Because Mayday has finished, I will mention some of the specifics of its plot, so if you haven’t seen it, please look away now. Hattie disappears, and her body is not found until over halfway through – there’s a red-herring item of clothing in a lake, but that’s all it is – so the absence of a body absolves the writers of having to deal with the usual, formulaic procedural detail, and one assumes this was a deliberate de-cluttering of the form. It’s clever, as the mystery of abduction is in many ways more potent than the mystery of who murdered her. There’s also a red-herring “sighting” of her, alive, on the news, which again is a simple sleight of hand, and a bit of a swiz. There are plenty of false leads and loose threads in Mayday, which is a shame, as five nights of your life is a big commitment, as I’ve stated. Also, without a detective – except for Sophie Okonedo’s retired policewoman, who doesn’t really count – there’s no plodding investigator to tie up the leads.

Broadchurch, of which we’ve only seen one episode, looks far more conventional, and Chris Chibnall told me it was “aggressively plotted” to every ad-break, and it already shows. I’m guessing Mayday was commissioned as a five-night feast, as one-a-week series don’t usually get commissioned in fives, and it’s an unforgiving brief, as there’s no time for audiences to forget anything, hence higher expectation about continuity and pay-off. It had some really nice writing in it, not least the opening scene in which Lesley Manville’s developer’s wife found out that her husband, Peter Firth, wasn’t in fact walking their fat dog for two hours each night after the dog had been subjected to tests at the vet’s. What an original and clever way of her suspicions that he was “up to something” to be aroused.

Because we know that Danny in Broadchurch was out at night, on his skateboard, when he should have been tucked up in bed – or, at least, the police currently think he was – we don’t yet know what to think about his death. Forensics already shows that he didn’t fall at the point where he looked to have fallen from. So murder is suspected. (Unlike Madeleine, he wasn’t abducted from his bedroom window; we always think of Madeleine now.) In the unnamed village in Mayday, no reporters descend, and the police take a seemingly peripheral role, while the villagers search the woods and threaten lynch-mob justice. In Broadchurch, it’s already all about the media, local and national, and their muddying of the waters of truth.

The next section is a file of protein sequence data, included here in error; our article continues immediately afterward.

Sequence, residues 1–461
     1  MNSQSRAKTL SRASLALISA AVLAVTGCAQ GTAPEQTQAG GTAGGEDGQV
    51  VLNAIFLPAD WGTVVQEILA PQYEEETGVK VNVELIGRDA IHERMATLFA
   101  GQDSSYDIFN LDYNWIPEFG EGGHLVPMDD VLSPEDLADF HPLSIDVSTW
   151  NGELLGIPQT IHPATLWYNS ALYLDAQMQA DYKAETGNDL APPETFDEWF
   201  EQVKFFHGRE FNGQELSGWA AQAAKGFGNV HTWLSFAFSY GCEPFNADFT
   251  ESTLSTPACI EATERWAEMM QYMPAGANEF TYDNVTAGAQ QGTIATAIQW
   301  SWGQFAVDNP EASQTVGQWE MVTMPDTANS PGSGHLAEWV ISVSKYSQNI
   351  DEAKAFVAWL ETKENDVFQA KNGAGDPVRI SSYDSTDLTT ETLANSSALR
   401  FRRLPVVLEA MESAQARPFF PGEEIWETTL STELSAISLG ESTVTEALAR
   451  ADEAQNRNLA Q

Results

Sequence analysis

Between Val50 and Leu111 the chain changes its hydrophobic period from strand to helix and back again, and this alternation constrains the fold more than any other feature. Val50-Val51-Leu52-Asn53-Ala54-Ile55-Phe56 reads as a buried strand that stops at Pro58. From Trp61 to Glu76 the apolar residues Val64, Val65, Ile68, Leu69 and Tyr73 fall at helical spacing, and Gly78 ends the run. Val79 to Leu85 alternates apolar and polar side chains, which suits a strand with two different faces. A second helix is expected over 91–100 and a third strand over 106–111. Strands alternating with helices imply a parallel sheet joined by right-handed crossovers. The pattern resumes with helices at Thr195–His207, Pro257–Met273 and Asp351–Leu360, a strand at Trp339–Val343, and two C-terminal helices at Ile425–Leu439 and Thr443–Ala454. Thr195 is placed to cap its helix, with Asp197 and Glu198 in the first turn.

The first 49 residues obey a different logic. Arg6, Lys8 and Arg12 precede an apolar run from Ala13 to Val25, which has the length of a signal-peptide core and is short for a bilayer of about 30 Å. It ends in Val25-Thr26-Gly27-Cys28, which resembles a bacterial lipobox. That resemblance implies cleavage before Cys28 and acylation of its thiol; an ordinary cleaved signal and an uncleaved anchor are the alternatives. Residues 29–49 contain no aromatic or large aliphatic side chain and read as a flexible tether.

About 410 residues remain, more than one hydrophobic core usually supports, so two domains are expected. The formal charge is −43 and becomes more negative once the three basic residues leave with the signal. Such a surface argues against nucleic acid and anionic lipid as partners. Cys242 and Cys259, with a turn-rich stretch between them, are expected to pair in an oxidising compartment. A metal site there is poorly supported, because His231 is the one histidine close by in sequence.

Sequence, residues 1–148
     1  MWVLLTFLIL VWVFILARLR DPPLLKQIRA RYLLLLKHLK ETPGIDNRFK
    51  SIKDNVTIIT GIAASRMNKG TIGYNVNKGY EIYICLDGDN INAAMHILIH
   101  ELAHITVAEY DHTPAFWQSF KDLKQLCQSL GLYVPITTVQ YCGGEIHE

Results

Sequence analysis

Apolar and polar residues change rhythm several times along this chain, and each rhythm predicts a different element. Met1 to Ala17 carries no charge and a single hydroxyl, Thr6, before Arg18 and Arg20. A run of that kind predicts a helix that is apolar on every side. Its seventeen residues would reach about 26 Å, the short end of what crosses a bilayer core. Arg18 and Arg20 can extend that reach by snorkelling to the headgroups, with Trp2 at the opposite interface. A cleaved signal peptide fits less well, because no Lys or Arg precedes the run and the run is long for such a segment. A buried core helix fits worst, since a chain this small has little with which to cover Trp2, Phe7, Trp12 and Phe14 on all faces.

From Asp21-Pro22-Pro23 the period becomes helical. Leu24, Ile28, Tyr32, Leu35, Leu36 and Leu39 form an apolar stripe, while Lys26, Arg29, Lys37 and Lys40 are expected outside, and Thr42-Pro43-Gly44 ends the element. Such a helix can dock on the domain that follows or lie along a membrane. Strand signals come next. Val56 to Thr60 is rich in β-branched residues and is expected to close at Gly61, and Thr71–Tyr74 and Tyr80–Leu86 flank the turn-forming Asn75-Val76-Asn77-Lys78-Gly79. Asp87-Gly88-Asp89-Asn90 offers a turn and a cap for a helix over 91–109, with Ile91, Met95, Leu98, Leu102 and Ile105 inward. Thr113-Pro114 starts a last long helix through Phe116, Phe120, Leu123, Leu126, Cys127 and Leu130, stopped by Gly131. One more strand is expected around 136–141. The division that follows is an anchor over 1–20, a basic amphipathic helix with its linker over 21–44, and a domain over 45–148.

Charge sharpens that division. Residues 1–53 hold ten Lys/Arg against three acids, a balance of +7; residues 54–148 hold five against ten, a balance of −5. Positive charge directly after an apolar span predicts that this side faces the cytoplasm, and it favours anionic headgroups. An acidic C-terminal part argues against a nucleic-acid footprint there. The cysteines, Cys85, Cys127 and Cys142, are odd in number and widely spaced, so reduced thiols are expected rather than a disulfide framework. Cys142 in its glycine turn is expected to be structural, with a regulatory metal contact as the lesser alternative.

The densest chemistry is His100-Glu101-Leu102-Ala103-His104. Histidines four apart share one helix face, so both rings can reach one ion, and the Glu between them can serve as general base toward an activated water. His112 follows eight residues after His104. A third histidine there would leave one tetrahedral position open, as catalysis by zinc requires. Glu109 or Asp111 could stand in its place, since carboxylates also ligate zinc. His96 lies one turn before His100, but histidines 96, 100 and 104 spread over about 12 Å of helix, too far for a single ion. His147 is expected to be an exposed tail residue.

We fear our children going into the woods, or out onto the cliffs, or, in the case or Broken, into derelict caravans in breaker’s yards. We are told we must always know where they are, but we don’t. Do we mollycoddle our kids and wrap them in cotton wool, and thus leave them unprepared for the big, bad world they will inevitably have to enter? (The symbolic “woods” we must all at some point have to enter, like Campbell’s mythic protagonist.) There are three sisters in Broken who are worldy and streetwise, and yet disruptive and abusive, and old before their time. They bully and they swear and they shout across the cul-de-sac. And yet, through the cleverness of the plot (which, by the way, is utterly depressing in its depiction of ordinary folk), we feel sympathy for them, and their violent dad (Rory Kinnear), as they have lost their mum.

The scene in episode one of Broadchurch where Andrew Buchan, the father, is called upon to identify the body of his son, Danny, is harrowing, and beautifully acted, and will haunt any parent watching. (“He’s only little,” he observes.) I’m not even a parent and I can see the hurt, so acutely is it written and played. We who are not parents are children, so it’s universal stuff.

Sometimes, I wonder if British drama, whether urban, suburban or rural, isn’t just a little bit depressing? Death is so often the driver of the narrative. Violence so often the inciting incident. If a TV series reliant on corpses turning up on a weekly basis, whether it’s the pitch-black Silent Witness, or the more bucolic Lewis, they only use a dead child as a real trump card. It’s obvious why. A dead adult is a tragedy, but at least they’ve lived some of their life. A child? So much life left to live. (How shocking was the beginning of Utopia when an innocent child in a comics shop was gassed to death by hitmen? A trump card played so early! It also had a school shooting that was one of the most shocking scenes I’ve seen on television for years – and stunning for all of that.)

The epic tragedy of Broadchurch. The concentrated, mystically informed tease of Mayday. The painfully raw reality of Broken. A small town, a close-knit community, a cul-de-sac, all “wrapped up in secrets” and bound in police tape. Don’t go into the woods. Don’t go into an alley. Don’t go near that cliff. Don’t go into that comics shop.

Don’t have nightmares.